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Artist Profile

Yulia Tsvetkova


Status: On Trial

Source: Yulia Tsvekova

UPDATE: On July 14, 2022 it was announced that Yulia Tsvetkova had been acquitted on all pornography charges. An appeal has not been filed.

UPDATE: The criminal case against Yulia Tsvetkova was approved by the Prosecutor's Office in Komsomolsk-on-Amur in January 2021. Tsvetkova was formally charged with "creating and distributing pornographic materials" under Article 242 of Russia’s Criminal Code. Her trial was closed to the public as of April 2021 and adjourned in November 2021 to resume in March 2022. On June 3, 2022, Tsvetkova was added to the Russian justice ministry's list of "foreign agents."

UPDATE: On Saturday, June 27, 2020 over 30 activists were reportedly arrested for protesting Yulia Tsvetkova's trial.

At a recent exhibition in Moscow, artist and activist Katrin Nenasheva invited fellow Russian female artists to discuss topics of “female sexuality, freedom, and security.” The exhibition was held in honor of Yulia Tsvetkova, a 27 year-old visual artist, whose house arrest and potential prison sentence has become a cause celebre among Russian artists and activists. The gathered artists’ works explicated the line between pornography and fine art. Many of their drawings and paintings featured nude female figures, often echoing the style of Tsvetkova’s pieces: harshly realistic, wrinkled, bleeding. One especially evocative piece called Needle Bed, by artist Katya Iosilevich, featured a sculpted vulva stabbed repeatedly with needles. The artist described it as a commentary on “the daily mundane invisible suffering that women are doomed to in a patriarchal society." Clearly, Tsvetkova is not the only artist concerned with the depiction and treatment of women and the female body in Russia today.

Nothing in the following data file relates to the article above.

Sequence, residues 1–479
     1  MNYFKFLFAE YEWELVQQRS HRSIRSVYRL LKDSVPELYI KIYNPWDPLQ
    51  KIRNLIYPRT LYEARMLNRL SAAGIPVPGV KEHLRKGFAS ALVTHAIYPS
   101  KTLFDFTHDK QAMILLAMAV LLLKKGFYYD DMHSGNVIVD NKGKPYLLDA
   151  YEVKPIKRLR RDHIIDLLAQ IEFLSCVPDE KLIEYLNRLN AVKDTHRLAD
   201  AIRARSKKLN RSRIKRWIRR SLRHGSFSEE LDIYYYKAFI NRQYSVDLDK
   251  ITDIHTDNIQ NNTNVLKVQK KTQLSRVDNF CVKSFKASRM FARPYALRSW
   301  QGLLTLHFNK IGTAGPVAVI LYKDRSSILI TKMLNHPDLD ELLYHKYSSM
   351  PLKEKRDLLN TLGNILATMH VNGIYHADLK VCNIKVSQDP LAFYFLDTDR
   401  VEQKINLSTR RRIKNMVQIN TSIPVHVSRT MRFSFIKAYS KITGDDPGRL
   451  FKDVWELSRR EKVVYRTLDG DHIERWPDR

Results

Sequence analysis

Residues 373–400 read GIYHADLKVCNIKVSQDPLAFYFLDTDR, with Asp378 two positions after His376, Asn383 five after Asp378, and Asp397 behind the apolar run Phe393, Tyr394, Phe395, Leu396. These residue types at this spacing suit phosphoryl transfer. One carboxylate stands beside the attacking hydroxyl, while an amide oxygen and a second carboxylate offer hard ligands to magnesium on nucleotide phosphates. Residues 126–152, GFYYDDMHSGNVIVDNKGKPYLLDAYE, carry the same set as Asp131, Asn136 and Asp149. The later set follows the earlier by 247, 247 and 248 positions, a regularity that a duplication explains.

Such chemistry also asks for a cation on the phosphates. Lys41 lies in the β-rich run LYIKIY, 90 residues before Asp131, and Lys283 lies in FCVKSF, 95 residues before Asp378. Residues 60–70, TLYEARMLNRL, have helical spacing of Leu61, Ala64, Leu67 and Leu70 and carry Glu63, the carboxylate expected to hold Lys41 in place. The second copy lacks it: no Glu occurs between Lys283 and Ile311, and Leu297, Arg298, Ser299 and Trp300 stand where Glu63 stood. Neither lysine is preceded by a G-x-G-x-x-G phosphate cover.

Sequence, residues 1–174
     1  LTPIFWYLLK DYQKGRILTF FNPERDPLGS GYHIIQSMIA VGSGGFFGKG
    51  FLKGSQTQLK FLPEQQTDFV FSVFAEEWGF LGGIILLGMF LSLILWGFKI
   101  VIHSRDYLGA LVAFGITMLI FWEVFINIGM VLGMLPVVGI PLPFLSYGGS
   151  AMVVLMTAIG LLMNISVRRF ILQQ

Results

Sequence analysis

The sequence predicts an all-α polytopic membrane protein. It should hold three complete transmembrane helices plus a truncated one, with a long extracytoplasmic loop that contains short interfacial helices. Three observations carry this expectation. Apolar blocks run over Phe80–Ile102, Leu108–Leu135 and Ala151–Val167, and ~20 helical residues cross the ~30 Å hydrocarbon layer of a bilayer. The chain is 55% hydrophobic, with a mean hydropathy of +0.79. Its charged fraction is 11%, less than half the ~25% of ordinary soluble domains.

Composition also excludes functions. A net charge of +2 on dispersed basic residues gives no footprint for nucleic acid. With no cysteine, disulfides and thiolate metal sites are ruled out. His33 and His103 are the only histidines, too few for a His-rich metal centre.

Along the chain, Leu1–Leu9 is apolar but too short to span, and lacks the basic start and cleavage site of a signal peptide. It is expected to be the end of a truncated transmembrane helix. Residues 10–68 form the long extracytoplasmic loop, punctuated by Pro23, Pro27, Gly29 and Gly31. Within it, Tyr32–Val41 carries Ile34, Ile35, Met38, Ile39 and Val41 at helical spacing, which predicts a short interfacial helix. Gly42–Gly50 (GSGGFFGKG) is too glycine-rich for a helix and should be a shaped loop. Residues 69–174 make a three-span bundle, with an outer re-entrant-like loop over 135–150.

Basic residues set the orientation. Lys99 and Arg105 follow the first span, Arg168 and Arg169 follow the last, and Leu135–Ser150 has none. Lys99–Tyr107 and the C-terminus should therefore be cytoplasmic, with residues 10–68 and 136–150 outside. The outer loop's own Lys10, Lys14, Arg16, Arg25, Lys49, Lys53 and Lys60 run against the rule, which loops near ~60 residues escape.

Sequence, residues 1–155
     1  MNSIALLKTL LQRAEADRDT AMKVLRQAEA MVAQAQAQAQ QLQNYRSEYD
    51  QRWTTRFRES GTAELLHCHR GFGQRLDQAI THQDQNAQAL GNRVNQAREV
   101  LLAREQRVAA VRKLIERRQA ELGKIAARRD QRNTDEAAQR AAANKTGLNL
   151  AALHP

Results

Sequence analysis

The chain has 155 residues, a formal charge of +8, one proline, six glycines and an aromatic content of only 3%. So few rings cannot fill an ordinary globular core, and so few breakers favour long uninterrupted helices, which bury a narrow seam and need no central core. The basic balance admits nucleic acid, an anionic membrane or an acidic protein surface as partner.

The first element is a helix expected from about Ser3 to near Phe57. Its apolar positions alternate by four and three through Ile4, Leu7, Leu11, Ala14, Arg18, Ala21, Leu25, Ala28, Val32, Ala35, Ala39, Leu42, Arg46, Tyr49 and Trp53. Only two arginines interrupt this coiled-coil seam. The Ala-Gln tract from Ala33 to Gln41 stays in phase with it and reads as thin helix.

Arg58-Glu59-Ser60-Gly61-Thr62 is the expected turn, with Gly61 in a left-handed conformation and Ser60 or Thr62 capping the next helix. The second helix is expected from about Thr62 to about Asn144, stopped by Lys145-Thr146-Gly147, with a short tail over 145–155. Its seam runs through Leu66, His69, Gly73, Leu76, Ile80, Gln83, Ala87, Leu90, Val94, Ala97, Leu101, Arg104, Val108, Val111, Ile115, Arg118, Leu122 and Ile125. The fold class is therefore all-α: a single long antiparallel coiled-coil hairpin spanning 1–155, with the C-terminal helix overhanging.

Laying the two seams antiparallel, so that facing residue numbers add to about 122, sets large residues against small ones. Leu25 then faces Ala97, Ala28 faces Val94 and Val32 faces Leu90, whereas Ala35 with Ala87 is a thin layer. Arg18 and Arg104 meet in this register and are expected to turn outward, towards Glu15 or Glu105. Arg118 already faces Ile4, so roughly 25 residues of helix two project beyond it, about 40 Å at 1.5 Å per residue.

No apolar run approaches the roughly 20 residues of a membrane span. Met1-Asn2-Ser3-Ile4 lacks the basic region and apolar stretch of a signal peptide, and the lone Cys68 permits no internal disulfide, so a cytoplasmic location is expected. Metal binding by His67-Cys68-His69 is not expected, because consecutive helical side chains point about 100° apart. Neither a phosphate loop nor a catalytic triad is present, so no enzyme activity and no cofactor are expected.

Visitors at Katrin Nenasheva’s exhibit in December 2019. Photo: Svetlana Vidanova / Novaya Gazeta

Yulia Tsvetkova who received the 2020 Index on Censorship Freedom of Expression Awards Arts Fellowship is on trial. If found guilty — as more than 99 per cent of people who face court in Russia are — she will face six years in prison. But this is a trial being closely watched by Russia’s creative community. Tsvetkova is an artist. She is also being prosecuted for feminist drawings that she posted on social media.